Similarly, there are companies, place names or other proper nouns used that are very familiar to you, don't write the whole thing out. If someone mentions Alibaba, write "A" , if someone mentions the presidents name, write "X",  if Tencent and Twitter are mentioned, "T T" next to each other or above/below one another should be enough in context for you to remember both. This strategy can save you a lot of time for when people mention things that are more challenging to capture in your notes. If you already are in the habit of doing this great, if not, try it out when practicing and remember to stay calm and not rush to jot down things that don't need it. Focus on understanding the discussion/speech instead. There will likely be things that you do need to scramble to take down so save your energy and time for those. 

 

Consecutive interpretation is usually more challenging into your non native language, but the more freely you can express yourself in that language the easier it is. If you need to focus a ton of energy on remember what was said and expressing those ideas it will make the task twice as demanding and stressful. If you are very confident that as long as you understood and remember what was said that you can easily express it in Chinese, then you can focus more of your energy on your notes and memory and the delivery should come easily as long as you have that down.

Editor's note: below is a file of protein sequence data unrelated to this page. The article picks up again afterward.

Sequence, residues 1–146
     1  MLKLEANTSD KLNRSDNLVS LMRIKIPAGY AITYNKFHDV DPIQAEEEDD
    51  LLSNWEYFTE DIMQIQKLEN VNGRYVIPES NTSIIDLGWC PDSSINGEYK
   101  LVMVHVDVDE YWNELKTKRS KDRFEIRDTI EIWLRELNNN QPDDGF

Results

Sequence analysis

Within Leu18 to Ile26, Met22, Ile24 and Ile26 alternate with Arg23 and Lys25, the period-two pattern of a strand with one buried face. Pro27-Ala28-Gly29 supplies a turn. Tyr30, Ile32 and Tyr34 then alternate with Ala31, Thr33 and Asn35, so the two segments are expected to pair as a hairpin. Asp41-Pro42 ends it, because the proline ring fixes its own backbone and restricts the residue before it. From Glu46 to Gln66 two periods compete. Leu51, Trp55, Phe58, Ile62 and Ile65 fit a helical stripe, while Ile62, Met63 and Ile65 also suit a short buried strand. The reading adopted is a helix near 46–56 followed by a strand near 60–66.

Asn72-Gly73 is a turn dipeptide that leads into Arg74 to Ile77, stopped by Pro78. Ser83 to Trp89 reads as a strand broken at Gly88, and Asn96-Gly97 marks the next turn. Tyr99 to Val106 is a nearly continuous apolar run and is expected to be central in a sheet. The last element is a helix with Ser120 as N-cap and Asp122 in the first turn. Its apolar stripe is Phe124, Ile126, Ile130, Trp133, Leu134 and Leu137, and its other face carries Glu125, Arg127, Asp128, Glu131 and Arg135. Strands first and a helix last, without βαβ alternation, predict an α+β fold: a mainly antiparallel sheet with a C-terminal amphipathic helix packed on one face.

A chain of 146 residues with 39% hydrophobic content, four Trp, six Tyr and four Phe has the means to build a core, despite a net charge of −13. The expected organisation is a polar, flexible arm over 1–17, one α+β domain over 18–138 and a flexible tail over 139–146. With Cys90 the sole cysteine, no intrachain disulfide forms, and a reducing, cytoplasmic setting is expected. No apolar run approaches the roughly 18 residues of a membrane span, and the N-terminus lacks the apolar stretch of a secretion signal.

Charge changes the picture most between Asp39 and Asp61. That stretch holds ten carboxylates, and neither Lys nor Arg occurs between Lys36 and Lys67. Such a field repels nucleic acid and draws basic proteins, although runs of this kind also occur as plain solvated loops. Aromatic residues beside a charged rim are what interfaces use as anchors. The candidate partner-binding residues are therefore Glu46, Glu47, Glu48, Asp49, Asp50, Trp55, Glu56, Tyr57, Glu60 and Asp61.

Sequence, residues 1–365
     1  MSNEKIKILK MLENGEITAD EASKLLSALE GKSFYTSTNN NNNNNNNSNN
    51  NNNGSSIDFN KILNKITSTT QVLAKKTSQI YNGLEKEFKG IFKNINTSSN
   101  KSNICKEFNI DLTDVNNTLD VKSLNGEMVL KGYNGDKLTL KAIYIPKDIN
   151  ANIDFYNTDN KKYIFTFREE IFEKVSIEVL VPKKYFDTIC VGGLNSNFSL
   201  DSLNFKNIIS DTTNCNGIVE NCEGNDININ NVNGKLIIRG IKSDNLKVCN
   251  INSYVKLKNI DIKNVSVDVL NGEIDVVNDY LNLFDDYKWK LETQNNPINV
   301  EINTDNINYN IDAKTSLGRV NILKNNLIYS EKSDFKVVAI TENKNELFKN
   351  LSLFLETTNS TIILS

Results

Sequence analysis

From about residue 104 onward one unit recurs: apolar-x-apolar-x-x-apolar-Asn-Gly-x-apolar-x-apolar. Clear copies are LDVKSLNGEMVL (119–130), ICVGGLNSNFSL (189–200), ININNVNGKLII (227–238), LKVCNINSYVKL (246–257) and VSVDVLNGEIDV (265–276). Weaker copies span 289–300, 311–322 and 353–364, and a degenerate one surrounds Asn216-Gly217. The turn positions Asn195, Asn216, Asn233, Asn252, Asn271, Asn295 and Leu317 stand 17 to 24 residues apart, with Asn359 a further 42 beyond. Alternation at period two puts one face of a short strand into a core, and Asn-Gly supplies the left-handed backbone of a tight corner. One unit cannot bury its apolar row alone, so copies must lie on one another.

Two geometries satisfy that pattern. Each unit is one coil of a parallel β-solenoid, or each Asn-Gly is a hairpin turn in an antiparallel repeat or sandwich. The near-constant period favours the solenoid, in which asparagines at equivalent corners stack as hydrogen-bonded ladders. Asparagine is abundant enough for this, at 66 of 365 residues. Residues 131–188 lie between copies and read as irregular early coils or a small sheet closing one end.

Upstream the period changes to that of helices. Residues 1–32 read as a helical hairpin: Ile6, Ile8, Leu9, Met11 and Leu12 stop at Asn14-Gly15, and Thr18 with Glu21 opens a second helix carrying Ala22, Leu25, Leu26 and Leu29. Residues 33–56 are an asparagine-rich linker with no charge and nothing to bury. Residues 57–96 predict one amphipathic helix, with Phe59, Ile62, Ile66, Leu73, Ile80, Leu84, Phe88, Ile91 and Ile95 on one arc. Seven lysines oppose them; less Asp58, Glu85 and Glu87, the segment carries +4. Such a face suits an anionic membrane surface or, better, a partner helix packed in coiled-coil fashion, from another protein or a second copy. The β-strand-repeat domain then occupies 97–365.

The last advice I have is not to get too caught up on the details if you are interpreting remarks, or a speech in front of an audience or something like that. There are times where it is better to confirm with the speaker about things you may have misunderstood, but there are certain situations where that would, especially if done multiple times, really interrupt the flow of the event and isn't worth it. In those situations don't sit there worrying or wondering what was said, because that will impact your delivery and likely your composure, making you and the audience uncomfortable. Instead focus on what you did understand and don't hesitate to leave things out and just keep going. If you are certain that it is essential information that the audience present must know, it is worth clarifying, otherwise in my opinion better to interpret smoothly in a way that makes the audience trust you and feel comfortable listening. If it is a small group discussion, it is much easier to interrupt and confirm little details here and there and totally fine to do that. If something comes up in a discussion like that that is essential and you don't seek to clarify it, it will likely end up causing confusion in the interaction anyway resulting in you eventually having to address it.